#DigiNotar and Client Certificate Authentication

With the news reporting that the DigiNotar compromise involves the creation of CA certificates, I have a theory of how the hacker may be making use of them and bypassing Client Certificate Authentication.

In the ComodoGate breach, we also saw a client certificate 'Global Trustee' generated -- and the world pondered as to its possible use. What good would a Comodo signed client certificate be in a Certificate Authentication scheme -- security experts were perplexed.

I think I may know the answer.

In my 2008 book, Pro PHP I have a chapter (21) on 'Certificate Authentication'... it describes the elements you need to setup Apache for secure client certificate operation.

The most important elements are a SSLVerifyDepth = 1, and a specifically defined SSLCACertificateFile. The Server must also check that %{SSL_CLIENT_VERIFY} eq "SUCCESS".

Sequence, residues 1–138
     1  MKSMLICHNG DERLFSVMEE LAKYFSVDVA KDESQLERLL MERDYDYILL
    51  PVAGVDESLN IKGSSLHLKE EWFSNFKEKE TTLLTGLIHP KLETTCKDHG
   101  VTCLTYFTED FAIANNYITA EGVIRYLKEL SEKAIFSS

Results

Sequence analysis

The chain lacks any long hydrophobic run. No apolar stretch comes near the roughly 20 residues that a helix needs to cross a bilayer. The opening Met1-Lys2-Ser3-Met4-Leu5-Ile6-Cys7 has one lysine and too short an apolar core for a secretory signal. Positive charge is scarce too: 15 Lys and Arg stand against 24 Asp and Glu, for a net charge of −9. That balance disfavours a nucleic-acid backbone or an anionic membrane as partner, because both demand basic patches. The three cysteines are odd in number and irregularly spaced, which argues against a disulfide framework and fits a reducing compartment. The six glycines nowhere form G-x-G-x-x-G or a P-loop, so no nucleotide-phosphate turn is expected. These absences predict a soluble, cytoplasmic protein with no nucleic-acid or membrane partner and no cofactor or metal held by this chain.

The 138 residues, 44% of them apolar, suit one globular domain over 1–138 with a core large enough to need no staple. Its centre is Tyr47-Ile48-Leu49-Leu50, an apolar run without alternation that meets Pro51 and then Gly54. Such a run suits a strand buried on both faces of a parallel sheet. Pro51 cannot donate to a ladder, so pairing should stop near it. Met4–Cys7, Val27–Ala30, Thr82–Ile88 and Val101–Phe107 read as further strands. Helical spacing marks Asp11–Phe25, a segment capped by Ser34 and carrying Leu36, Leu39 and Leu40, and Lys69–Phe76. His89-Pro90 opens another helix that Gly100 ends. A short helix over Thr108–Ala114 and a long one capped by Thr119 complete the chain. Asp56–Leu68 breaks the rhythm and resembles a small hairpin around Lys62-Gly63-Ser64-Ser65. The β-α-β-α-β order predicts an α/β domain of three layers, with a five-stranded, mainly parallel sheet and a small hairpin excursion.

I've seen apache misconfigured for client certificates many times, in-fact, I have questions to whether the Apache documentation is always correct. https://httpd.apache.org/docs/2.0/ssl/ssl_howto.html ... notice a configuration that involves a VerifyDepth of 5.

With a server that is only checking SSL validity and then the O and OU fields of the certificate, any hacked CA certificate could breach the security afforded by Client Certificates.

My working theory is that the Global Trustee and hacked CA certificates are being used in this type of server-misconfiguration vulnerability, and that despite the certs belonging to the wrong chain, the servers in question will accept them as legitimate just the same because they will otherwise pass trust chain validation correctly. 

The question now is what servers/software are vulnerable by default to trust chain validation errors, and who is running them.

More to come.